Families Have the Right To Know – RFJ Calls on PSNI to Release Completed HET Reports

Relatives for Justice (RFJ) has revealed details of requests it has made to the Policing Board and PSNI to lift the suspension on completed Historical Enquiries Team (HET) reports from being handed over to families.


The embargo on handing over reports was put in place as an initial measure following a damning report by Her Majesty’s Inspectorate of Constabularies (HMIC) last July that highlighted major shortcomings of the HET.


Relatives for Justice said that the Policing Board played a very important and significant role on behalf of families in having the HMIC conduct an inspection but that the position adopted in respect to not handing over reports was now having a negative effect on families awaiting receipt of their final report.


Since July last RFJ have met with the Policing Board several times calling for the HET to be replaced by a proper independent investigative mechanism free from the interference of the PSNI.


RFJ also requested that all reports completed up to the date of when the HMIC findings were published and the HET suspended be handed over arguing that it was unfair to families who had waited many years on a report that was now sitting in a drawer somewhere within the HET offices.


RFJ Director Mark Thompson said;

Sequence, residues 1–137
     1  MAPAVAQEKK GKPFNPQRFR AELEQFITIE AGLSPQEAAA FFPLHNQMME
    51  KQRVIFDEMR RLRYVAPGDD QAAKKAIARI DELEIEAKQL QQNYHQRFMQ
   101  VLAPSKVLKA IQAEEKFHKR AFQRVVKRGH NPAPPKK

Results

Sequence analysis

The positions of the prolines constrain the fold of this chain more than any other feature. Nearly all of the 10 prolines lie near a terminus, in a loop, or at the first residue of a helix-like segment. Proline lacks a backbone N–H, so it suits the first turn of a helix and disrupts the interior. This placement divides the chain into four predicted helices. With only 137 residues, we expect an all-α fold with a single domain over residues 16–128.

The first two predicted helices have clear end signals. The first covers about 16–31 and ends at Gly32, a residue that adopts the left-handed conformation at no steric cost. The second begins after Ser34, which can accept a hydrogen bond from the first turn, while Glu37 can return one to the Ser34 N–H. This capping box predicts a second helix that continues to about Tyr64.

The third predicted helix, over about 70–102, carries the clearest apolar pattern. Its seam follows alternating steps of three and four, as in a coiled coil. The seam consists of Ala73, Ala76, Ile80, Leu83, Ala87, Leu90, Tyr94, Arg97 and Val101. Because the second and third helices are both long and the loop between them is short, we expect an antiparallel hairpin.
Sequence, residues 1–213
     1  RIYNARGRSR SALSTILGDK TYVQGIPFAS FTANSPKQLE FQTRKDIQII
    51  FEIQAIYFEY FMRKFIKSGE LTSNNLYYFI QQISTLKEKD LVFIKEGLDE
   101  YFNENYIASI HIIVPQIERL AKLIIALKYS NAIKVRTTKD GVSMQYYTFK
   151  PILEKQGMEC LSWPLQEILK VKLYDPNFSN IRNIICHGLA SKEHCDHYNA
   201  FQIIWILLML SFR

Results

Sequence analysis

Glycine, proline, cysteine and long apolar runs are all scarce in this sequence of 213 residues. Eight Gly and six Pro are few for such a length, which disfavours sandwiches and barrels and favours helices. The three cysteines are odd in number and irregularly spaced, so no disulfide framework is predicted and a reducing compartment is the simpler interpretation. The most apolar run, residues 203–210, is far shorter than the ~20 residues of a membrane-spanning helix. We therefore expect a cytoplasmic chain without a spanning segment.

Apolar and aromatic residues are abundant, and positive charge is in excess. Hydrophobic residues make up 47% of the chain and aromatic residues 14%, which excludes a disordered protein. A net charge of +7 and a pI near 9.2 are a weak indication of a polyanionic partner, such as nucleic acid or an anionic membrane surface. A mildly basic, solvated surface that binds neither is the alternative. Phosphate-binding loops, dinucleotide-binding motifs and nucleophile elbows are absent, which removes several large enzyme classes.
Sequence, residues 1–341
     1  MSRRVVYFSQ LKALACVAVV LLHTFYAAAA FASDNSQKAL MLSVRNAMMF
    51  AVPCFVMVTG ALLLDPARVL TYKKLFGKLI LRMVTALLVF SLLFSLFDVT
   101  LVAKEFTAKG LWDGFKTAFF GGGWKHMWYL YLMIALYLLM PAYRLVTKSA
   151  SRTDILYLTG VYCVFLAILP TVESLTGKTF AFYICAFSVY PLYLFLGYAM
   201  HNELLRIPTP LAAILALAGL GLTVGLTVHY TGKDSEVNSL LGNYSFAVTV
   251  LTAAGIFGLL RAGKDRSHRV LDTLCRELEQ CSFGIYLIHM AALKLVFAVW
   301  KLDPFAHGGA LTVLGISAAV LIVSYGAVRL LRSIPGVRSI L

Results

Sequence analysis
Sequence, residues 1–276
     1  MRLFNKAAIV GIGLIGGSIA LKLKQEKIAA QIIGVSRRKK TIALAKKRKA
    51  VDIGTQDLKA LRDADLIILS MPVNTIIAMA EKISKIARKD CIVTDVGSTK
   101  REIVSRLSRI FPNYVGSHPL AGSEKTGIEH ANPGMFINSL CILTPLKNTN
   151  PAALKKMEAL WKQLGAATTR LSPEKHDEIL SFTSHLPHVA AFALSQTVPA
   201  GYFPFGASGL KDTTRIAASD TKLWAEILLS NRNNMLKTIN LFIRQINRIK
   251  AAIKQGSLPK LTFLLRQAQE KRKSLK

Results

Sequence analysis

“Families bereaved by conflict have the Right to Know[1] the circumstances of the killings of their loved ones. This Right particularly extends to all documentation relating to the killing. We believe there are as many as 40 completed reports up until the July 2013 period not yet handed over to families. There are also supplementary reports in response to further issues raised by families following the initial reports they received. We believe that these too are completed.


“From the families’ perspective they understand fully that the HET process was flawed but that doesn’t lessen the fact that they simply want these reports irrelevant of them being good, bad or otherwise. It’s a very human thing to want to know what a particular report says about those closest to you who were killed. It is a human right and the Policing Board I believe now support the position of families receiving their reports.


“Families have spent many years engaging the process and have invested so much emotionally and physically and to then be told they can’t receive the completed report into their loved ones death is upsetting to say the least.


“We again call on the Policing Board and ultimately the Chief Constable to hand over these reports to families and afford them the dignity they deserve.” ENDS


[1] United Nations Human Rights Council Resolution 9/11